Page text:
Sari continues that their Floortime practitioners are up to par and her and Stephanie are there to support them on their own Floortime journeys and learn with them as well. This all tells the clients that Kinder Growth is up to a certain standard, especially for families new to Floortime. It gives them assurance that they’re a certified company, so they can trust Kinder Growth. From the therapists’ viewpoint, they know they’re getting good experience from a quality company.

Stephanie adds that the access to Floortime is hard. NJ has a lot of resources that a lot of places don’t have, but there are still a lot of places in NJ that don’t have access. It’s great that it’s covered to get such good support. It shouldn’t cost so much to help your child. She only hopes that Medicaid and other coverage continues to grow.

Check out Kinder Growth

At Kinder Growth’s website you can also find an easy-to-read blog at the bottom of the home page with information for parents. Sari says they often get calls from outside of NJ asking for resources, including calls from overseas. They are happy to answer questions to support parents outside of NJ and provide them with links to resources. I also suggested seeing the Services page of this website for DIR providers around the world.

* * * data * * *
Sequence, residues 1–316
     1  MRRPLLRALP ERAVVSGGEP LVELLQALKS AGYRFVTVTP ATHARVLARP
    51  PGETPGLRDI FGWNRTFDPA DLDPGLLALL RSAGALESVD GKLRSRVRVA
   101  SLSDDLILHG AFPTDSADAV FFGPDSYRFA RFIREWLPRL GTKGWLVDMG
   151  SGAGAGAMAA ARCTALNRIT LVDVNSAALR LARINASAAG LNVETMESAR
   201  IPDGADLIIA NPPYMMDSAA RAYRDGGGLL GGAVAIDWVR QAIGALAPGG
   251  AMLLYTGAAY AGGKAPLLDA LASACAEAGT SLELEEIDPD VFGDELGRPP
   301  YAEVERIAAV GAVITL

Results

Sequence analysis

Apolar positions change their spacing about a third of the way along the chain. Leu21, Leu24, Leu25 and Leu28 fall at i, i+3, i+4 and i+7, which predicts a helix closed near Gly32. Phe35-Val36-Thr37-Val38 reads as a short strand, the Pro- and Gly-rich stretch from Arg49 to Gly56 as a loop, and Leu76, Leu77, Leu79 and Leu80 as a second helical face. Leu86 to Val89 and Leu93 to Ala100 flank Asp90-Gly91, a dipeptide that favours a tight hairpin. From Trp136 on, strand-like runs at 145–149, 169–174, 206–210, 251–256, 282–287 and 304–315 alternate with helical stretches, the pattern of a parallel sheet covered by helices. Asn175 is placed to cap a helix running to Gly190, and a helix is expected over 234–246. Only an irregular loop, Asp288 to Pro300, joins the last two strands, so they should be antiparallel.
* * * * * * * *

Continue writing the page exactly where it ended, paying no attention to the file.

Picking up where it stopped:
This week’s PRACTICE TIP:

This week let’s take note of the amount of times we feel discouraged or down and could use some support, or the times where we have celebrations with our children that those in our life just don’t understand that we would love to share with someone who gets it. ICDL’s free online Parent Support group is there for you! 

For example: Did you have a rough day because your child was sick and dysregulated and you felt that you couldn’t do anything to help make them better? With cold season in full swing, it’s so hard to see our children all stuffed up or coughing and not being able to make them better. Maybe our child was having meltdowns all day while we had stuff to take care of and it made it a hard day for both of you. Maybe your child ate a new food or gestured something to you to communicate that they hadn’t done before and you would love for it to be appreciated. 

Thank you to Sari and Stephanie for explaining the Medicaid DIR/Floortime services they offer including the parent support piece. I hope that you learned something valuable and will share it on Facebook or Twitter and feel free to share relevant experiences, questions, or comments in the Comments section below.

Until next time, here’s to choosing play and experiencing joy everyday!

Previous article

Unpacking 'Aggression'

Next article

Sign up for updates

Sign up for our updates and receive a free, digital copy of our publication: "10 Things You Can Do Now to support your child". You can be assured that we will not share your information.

Thank you for signing up! We will not share your information.